Georgi Ann Bailey, CAE
Georgi Ann Bailey, CAE, is executive vice president of AIA New York State and a member of ASAE’s Executive Management Professionals Advisory Council.
Two C-level executives share how their associations have embraced research to shape decisions and drive changes—and how their organizations and members have benefited or will benefit as a result.
Data has always grounded association decision-making. But now it is moving beyond spreadsheets, trends, and projections, and into the realm of storytelling, where boards, staff, members, and communities can discover a bigger picture and respond to it. Here is a look at two of those stories.
Like many organizations, The American Institute of Architects New York State developed its previous strategic plans by working with an instinctive board and facilitators. However, initial conversations around the 2021 strategic planning session took on a different tone.
Moving through the first months of the pandemic, AIA New York State was questioning everything it did and how it did it, looking for answers to questions. The staff and leadership felt it was imperative to do an assessment of the educational, professional development, and legislative needs of the members that was based on data coming directly from the membership. They were committed to create a member survey to uncover those needs and to use the results as a basis for their new strategic plan. This commitment was not only philosophical but also carried a significant financial investment for the future.
The group also knew it needed to work with an outside partner to get this work done. So, it developed an RFP that narrowed down the project and the results they were looking to achieve. After speaking with outside vendors, as well as academic institutions, Siena College Research Institute—which has a national reputation for its polling work—was selected.
Using pre-planning questions as a starting point, AIA New York State worked with Siena to make sure they had the terminology correct and did a test survey to a sample group of members. They also limited the number of questions asked, forcing them to think strategically and keep in mind those questions that would help implement change and develop programming.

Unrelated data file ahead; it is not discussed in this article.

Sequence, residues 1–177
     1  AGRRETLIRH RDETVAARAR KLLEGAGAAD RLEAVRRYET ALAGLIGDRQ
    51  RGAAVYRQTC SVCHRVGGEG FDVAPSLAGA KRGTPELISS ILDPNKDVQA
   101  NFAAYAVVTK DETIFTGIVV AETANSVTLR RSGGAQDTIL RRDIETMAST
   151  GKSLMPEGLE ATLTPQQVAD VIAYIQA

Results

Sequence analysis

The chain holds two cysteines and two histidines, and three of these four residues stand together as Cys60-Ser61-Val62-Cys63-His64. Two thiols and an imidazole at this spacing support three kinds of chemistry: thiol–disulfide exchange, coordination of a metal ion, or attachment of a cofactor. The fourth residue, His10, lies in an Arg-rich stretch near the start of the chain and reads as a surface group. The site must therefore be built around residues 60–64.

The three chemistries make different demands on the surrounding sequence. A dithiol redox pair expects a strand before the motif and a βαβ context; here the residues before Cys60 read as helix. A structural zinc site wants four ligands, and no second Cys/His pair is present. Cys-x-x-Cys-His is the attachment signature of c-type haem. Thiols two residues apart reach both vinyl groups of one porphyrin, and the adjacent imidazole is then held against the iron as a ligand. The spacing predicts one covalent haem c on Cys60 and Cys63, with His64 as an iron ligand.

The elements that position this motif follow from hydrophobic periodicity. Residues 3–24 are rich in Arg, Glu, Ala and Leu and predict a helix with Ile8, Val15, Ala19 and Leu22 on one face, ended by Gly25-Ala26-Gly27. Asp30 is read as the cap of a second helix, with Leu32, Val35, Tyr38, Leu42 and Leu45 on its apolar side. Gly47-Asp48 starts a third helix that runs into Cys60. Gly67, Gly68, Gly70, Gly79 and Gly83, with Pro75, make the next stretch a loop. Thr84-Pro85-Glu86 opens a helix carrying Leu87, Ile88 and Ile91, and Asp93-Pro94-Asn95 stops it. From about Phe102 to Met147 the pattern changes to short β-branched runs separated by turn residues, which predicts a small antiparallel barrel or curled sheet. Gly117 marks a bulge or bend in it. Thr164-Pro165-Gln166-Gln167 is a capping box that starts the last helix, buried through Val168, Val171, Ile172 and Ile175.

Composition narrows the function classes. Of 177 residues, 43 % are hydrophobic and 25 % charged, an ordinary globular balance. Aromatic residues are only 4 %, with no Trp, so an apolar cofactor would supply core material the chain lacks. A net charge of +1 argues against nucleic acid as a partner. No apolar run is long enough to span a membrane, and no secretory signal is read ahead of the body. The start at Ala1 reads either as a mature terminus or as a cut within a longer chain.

After the test survey, the group rolled it out to the full membership of 9,000-plus in April 2020. While the association was concerned about response due to the pandemic and other factors, it ended up receiving 1,400 responses, providing a viable instrument to move ahead developing organizational direction and programming that members valued. As a result, the group went into its October strategic planning session armed with data that the board would use to determine an incredible future for the architecture profession in New York State.
More than 114 years ago, students at the University of Maryland School of Dental Medicine started the Alpha Omega Dental Society (AO). Young leaders who advance through the membership while moving through their careers have shaped the culture and direction of the organization since 1907. Today, the membership includes 800-plus dental students from 30 North American, British, and Israeli chapters.
Executive Director Heidi Weber, CAE, has monitored 200-plus dental school graduates every spring through an in-house tracking program that identifies where graduates are accepted or where they will practice and communicates with local chapters to ensure the connective tissue between the new resident, a new potential city, and the organization is intact through the transition to dental residency. Residencies usually last one year or up to five, making retaining the residents as members in this period between school and profession a top priority for both the organization and the board.
Repurposing the data inspired the Residency Network Project, which connects dental students seeking more concentrated information about residency programs with current or resident AO members. Since residency is time, financial, and cultural investment, dental students want to learn more from individuals who have first-hand knowledge.
This allows AO to show young members the value the organization provides during their educational career. In addition, chapters report an average 90 percent retention rate of resident members when they are connected to local chapters. The expanding story of AO fosters a culture where young members are networking and mentoring one another, which builds a data portfolio to share with the dental community.
If your association is looking to become more adept at letting the data tell its tale and how it can apply to a given goal or objective, the DelCor Technology Solutions team recommends expanding your thinking and seeking opportunities to refresh your data set that may change the picture. For example, Strategic Consultants Gretchen Steenstra and Tobin Conley suggest adding unstructured data such as chat during virtual sessions to identify patterns that may lead to new or updated content. Or update member profile data, such as the infamous “area of interest,” based on behavior.
By embracing data, associations will find themselves able to make better decisions that leads to higher member satisfaction and a stronger organizational culture and outcomes.